ISOTOPE & GARY BOYLE Live at the BBC (HUX048)(2004)
Isotope was a great jazz rock band, and Gary Boyle was and is a great guitar player. Hux Records have
been called "the greatest plunderers of the BBC's vaults" and they continue to raid dusty corners of the archive,
restoring hitherto unheard sessions and reviving the profile of now obscure musicians. And this CD does just that.
To his credit, Boyle has pursued a solid but quiet career since the halcyon days in the early seventies, but with Isotope
he upped the ante. He'd previously backed pop artist Millie and Dusty Springfield in the sixties and then had a formative
stint with jazz rock fusion outfit Brian Auger's Trinity. With cohorts Brain Miller(keys), Jeff Clynne (bass) and Nigel Morris(drums) he spun an often intense fusion flavour but
the technical intensity was also tempered by some cool funk grooves and a rock edge. Boyle's approach at times recalls
the flurries of John McLaughlin but Isotope were less cerebral, and funkier, a credit to keyboard player Miller who grounded them with
a firm melodic structure whilst hammering out a robust electric piano.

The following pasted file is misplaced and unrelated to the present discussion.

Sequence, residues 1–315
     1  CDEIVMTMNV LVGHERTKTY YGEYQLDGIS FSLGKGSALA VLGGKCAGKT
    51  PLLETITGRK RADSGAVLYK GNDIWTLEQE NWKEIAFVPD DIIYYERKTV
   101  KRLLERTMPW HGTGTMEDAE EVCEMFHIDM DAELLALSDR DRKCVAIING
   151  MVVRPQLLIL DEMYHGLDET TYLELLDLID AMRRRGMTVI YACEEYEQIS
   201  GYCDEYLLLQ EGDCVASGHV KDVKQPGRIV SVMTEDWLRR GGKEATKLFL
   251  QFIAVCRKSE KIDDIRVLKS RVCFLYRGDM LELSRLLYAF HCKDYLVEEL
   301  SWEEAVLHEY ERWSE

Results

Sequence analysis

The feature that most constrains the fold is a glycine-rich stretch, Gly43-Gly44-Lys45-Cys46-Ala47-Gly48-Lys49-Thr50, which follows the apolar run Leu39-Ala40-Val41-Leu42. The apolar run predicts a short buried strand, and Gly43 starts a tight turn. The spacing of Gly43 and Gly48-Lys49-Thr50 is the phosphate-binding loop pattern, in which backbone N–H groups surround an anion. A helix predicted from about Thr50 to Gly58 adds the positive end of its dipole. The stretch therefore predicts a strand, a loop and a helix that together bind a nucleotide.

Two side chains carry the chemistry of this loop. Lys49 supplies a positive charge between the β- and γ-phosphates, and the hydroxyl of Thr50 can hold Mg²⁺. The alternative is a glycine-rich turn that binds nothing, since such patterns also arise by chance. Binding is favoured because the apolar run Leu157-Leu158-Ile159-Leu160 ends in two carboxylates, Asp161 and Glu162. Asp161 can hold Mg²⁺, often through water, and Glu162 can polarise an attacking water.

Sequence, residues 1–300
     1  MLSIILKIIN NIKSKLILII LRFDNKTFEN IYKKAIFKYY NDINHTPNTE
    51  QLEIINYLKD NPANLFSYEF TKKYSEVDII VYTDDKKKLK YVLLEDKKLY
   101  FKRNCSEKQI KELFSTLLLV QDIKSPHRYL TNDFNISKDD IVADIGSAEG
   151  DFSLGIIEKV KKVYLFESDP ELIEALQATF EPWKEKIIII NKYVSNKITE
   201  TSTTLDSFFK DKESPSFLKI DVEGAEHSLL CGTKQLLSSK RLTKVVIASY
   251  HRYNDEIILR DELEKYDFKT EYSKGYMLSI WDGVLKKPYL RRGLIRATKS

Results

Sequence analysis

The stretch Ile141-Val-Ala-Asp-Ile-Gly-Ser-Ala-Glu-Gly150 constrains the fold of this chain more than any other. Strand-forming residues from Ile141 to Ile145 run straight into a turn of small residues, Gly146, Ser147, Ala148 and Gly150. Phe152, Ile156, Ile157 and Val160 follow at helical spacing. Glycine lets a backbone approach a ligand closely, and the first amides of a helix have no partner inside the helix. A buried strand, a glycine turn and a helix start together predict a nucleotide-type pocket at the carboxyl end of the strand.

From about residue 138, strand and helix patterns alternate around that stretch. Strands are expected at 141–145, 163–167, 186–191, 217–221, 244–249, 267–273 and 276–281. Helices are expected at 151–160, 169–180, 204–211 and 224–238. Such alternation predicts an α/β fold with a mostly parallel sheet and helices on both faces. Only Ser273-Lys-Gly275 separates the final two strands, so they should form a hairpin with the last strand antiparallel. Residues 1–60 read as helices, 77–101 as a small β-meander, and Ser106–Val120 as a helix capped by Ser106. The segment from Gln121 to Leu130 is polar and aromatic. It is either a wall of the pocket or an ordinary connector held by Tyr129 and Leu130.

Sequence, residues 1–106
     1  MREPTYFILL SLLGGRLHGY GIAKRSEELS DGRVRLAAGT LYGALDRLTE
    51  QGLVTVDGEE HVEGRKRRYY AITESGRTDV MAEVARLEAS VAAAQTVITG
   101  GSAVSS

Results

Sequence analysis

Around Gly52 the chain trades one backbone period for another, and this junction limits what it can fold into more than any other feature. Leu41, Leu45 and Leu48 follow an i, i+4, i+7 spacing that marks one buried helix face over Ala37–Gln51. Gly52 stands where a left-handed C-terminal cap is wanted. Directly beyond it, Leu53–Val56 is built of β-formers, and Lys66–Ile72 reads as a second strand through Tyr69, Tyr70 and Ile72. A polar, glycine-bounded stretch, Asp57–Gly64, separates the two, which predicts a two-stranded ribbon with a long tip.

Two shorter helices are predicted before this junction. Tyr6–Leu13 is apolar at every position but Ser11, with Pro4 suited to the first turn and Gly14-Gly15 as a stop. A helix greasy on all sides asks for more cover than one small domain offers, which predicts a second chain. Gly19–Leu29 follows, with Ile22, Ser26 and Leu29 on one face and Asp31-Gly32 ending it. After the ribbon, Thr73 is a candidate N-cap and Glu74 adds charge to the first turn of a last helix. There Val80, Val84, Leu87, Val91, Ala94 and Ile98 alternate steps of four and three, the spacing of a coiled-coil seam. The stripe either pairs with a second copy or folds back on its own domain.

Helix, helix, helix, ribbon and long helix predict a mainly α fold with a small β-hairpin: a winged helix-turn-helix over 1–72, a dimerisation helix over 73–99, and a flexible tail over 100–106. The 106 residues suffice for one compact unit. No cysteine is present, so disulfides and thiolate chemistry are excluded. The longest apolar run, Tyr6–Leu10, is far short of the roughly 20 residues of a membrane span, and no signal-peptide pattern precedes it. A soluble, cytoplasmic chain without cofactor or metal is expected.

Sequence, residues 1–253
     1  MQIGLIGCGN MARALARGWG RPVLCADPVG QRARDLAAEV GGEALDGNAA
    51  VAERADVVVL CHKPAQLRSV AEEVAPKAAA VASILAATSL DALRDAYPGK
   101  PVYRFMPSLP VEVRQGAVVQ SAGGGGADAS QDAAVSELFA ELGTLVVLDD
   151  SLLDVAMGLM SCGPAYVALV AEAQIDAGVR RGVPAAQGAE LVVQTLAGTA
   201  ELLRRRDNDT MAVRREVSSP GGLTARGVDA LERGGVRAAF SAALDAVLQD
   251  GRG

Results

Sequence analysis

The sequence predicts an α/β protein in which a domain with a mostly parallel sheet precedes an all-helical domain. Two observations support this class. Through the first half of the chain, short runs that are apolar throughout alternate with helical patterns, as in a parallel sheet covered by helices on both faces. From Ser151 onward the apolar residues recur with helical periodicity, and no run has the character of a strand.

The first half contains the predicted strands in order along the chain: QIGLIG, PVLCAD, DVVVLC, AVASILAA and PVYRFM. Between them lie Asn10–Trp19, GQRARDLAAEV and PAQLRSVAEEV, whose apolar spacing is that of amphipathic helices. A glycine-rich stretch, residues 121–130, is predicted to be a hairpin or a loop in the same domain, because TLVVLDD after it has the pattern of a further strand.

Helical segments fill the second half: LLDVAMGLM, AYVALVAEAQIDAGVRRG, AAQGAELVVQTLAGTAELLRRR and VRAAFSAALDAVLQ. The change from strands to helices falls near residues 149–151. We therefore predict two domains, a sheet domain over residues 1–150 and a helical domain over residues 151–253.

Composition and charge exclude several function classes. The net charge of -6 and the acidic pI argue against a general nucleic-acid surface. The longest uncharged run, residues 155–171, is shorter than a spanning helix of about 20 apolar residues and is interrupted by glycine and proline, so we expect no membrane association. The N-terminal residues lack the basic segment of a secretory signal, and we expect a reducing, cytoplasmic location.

These sessions include a Radio 1 In Concert from 1973, a Whistle Test session from 1974 (with a truly stonking 'Upward Curve') and a superb Gary Boyle solo session from the John Peel show in 1977
when he was promoting his album 'The Dancer' (with a cameo from Asia's Geoff Downes).
They immediately made me want to dig out old vinyl, sad as it may seem, and whilst the first two Isotope albums have
been available on CD ('Isotope' and 'Illusion')I am not aware that Boyle's related solo work has been given that treatment ('The Dancer', 'Electric Glide') or indeed the third Isotope album, 'Deep End'.
Now teaching and gigging in the north of England (I caught him several years ago at a somewhat low-key jazz festival in Cheshire) maybe Boyle will now revisit some of this classic
material, or even reform his band. This is a very worthwhile and accessible archive release - something you can't always say about jazz rock fusion - and is therefore a credit to
the musicianship of both Boyle and his bandmates. One to play LOUD!
Review by David Randall